Although a relatively recent United States Supreme Court decision held that a conviction for simple battery in the State of Florida could not serve as a crime of violence, an Eleventh Circuit Court of Appeal decision distinguished that a felony battery conviction is a “crime of violence,” at least for purposes of the Federal Sentencing Guidelines. This means that a conviction for a Florida Felony Battery is probably a deportable offense as a crime involving moral turpitude and as an aggravated felony, if the sentence is 1 year or more incarceration.
What is Felony Battery in Florida?
Florida’s Felony Battery statute is defined in Florida Stat. §784.041. In order to prove a person is guilty of Felony Battery, the State must prove, or the person must admit to (plead no contest of guilty) to the following elements:
- actually and intentionally touching or striking another person against the will of the other (simple battery), and
- causing great bodily harm, permanent disability, or permanent disfigurement.
So, Florida’s Felony Battery statute is simply “simple battery” with great bodily harm, permanent disability, or permanent disfigurement. The State does not have to prove that you intended to cause the great bodily harm, permanent disability, or permanent disfigurement. They simply must prove that you intended to touch or strike the person against their will and the injury was a result of that touching or striking.
How can “Felony Battery” be a “Crime of Violence” when “Simple Battery” is not?
While the United States Supreme Court held that a conviction under Florida’s simple battery statute was not a crime of violence, the Eleventh Circuit held that the second element of the Felony Battery statute brought it within the purview of the crime of violence definition. A “crime of violence” requires physical force, according to the U.S. Supreme Court’s decision in Curtis Johnson. The term “physical force” was defined to mean “violent force” or force capable of causing physical pain or injury to another person.
So, the issue is whether a simple touching of another person that unintentionally causes great bodily harm, permanent disability, or permanent disfigurement is a crime of violence. The Vail-Bailon Court discussed this issue and determined that Florida courts require a touch or strike sufficient to inflict great bodily harm, while a simple battery simply requires an unwanted touching.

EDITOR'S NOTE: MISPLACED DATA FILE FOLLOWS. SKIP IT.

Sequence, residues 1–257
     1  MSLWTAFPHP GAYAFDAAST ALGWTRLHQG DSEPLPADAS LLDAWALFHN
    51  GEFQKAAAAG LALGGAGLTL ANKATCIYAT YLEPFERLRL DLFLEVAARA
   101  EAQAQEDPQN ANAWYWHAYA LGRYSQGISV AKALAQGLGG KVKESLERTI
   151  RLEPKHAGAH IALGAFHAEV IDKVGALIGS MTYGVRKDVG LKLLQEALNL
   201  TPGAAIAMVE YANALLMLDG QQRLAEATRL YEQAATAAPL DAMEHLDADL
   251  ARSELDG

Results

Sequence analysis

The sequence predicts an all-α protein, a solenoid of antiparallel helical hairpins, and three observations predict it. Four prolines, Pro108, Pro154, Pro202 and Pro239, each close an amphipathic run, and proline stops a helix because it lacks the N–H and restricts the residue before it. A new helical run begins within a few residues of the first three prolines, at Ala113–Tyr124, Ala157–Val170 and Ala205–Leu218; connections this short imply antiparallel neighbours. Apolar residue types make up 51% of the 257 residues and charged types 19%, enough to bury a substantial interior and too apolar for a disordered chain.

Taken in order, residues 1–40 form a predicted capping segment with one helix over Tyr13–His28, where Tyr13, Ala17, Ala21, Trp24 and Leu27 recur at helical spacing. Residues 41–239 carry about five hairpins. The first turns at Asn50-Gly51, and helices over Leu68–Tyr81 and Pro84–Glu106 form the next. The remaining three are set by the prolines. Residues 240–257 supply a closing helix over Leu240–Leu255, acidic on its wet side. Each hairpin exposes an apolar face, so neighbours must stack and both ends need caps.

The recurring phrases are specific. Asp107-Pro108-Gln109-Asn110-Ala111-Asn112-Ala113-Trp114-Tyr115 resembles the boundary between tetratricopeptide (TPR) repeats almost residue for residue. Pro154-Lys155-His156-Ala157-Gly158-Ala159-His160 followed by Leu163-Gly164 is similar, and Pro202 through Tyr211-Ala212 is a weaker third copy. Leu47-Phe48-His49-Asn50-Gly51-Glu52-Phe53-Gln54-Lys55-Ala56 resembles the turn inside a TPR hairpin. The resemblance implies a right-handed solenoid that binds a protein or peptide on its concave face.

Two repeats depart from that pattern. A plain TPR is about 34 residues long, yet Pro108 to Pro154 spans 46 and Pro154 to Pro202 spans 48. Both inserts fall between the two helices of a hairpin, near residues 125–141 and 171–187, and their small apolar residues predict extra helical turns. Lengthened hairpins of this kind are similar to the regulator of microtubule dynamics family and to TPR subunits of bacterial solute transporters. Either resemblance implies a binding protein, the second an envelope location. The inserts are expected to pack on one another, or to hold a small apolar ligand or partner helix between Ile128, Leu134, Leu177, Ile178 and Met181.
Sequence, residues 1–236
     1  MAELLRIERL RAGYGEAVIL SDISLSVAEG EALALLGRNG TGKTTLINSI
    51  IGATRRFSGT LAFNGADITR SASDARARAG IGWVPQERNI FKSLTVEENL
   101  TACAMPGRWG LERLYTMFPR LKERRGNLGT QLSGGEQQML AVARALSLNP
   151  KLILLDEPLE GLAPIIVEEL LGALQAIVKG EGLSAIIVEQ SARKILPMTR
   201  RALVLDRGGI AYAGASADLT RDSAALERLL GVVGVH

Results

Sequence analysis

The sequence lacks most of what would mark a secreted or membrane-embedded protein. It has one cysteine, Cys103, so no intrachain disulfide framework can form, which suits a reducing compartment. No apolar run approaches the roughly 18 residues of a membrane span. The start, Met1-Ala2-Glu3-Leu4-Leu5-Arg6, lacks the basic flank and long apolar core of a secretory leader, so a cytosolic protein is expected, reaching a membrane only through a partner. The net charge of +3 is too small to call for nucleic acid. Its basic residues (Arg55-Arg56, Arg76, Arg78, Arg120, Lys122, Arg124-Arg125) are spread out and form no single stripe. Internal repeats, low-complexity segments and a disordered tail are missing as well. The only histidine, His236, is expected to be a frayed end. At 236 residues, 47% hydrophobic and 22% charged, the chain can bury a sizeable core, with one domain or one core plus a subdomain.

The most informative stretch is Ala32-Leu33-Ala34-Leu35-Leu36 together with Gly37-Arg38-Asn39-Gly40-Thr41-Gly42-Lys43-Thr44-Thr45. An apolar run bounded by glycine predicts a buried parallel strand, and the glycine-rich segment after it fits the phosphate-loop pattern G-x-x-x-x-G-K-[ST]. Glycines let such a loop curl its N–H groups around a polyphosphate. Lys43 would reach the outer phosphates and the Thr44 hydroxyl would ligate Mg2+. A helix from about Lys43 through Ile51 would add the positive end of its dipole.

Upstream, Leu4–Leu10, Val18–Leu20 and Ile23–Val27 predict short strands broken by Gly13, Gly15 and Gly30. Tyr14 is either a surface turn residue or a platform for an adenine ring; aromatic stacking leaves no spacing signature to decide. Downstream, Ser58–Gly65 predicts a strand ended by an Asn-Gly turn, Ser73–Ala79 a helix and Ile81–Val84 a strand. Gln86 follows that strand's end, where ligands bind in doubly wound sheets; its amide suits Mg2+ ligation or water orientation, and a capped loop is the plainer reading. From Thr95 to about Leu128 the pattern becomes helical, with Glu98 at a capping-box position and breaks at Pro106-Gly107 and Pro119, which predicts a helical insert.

The Court dismissed the argument that a person could be convicted of Felony Battery in Florida by tickling the victim who then falls out of window, or touching a person on the shoulder who then loses balance and falls and injures himself or herself by falling down a staircase, or applies a lotion to a victim who has an allergy unknown to the person who applied the lotion. The Court found that these were scenarios where the statute had never been applied.
Does this case apply to immigration cases?
Although this Court’s decision specifically addressed the Federal sentencing guidelines as it applied to a Federal criminal case, the analysis is applicable to whether a Florida Felony Battery conviction is an aggravated felony, for immigration purposes. Any person who is not a United States citizen and is convicted of an aggravated felony is deportable. Aggravated felonies are defined in the Immigration and Nationality Act under section 101(a)(43), which includes any “crime of violence” where the person is sentenced to a year or more of incarceration. So, if you are convicted of a Felony Battery and sentenced to 1 year or more of jail or prison, then you would be deportable for an aggravated felony.
If you are charged with a felony battery in the State of Florida and you are not a United States Citizen, you should not plead guilty or no contest without first speaking to an experienced immigration attorney who has experience with Florida criminal matters.
Jeremy Lasnetski is a partner at the Law Offices of Shorstein, Lasnetski, & Gihon. The firm focuses on criminal defense, immigration and personal injury. Mr. Lasnetski focuses his practice on immigration and criminal defense. Mr. Lasnetski is the former Jacksonville Regional Vice Chair of the American Immigration Lawyer’s Association, Central Florida Chapter and has represented clients in deportation proceedings, USCIS benefit cases, consular processing cases, and more. He routinely gives presentations on immigration law issues to both criminal and immigration lawyers at conferences and seminars throughout the State of Florida.